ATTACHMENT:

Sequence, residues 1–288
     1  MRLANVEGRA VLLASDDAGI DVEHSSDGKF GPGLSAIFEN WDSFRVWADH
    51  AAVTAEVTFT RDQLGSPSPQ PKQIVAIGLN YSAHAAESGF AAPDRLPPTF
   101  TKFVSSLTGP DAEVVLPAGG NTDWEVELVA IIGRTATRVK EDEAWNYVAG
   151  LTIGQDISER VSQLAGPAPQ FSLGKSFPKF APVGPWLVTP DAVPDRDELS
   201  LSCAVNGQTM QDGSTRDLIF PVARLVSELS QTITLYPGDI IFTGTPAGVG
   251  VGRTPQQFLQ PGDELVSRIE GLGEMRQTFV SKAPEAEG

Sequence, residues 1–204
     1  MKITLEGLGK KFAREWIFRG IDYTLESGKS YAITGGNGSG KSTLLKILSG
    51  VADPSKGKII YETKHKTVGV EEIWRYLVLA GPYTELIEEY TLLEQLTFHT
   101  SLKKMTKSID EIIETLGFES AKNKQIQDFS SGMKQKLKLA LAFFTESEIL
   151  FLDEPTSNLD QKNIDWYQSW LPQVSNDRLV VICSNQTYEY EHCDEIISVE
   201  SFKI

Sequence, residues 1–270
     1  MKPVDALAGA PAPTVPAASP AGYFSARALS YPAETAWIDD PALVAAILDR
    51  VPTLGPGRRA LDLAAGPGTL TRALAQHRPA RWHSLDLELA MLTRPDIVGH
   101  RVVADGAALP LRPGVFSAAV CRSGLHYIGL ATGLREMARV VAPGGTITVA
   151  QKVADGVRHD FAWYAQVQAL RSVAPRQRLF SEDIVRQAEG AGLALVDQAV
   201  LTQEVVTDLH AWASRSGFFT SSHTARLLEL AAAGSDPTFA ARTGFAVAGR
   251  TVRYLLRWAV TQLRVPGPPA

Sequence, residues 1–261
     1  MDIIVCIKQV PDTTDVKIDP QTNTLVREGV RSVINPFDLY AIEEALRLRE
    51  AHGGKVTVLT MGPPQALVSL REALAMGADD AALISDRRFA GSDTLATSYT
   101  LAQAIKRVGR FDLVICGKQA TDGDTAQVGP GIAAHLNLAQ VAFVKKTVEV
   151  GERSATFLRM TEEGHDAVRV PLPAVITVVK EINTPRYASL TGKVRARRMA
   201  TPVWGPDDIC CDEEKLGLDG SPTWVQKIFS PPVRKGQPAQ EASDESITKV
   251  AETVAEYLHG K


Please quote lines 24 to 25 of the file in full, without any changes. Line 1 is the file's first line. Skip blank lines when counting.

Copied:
   101  LAQAIKRVGR FDLVICGKQA TDGDTAQVGP GIAAHLNLAQ VAFVKKTVEV
   151  GERSATFLRM TEEGHDAVRV PLPAVITVVK EINTPRYASL TGKVRARRMA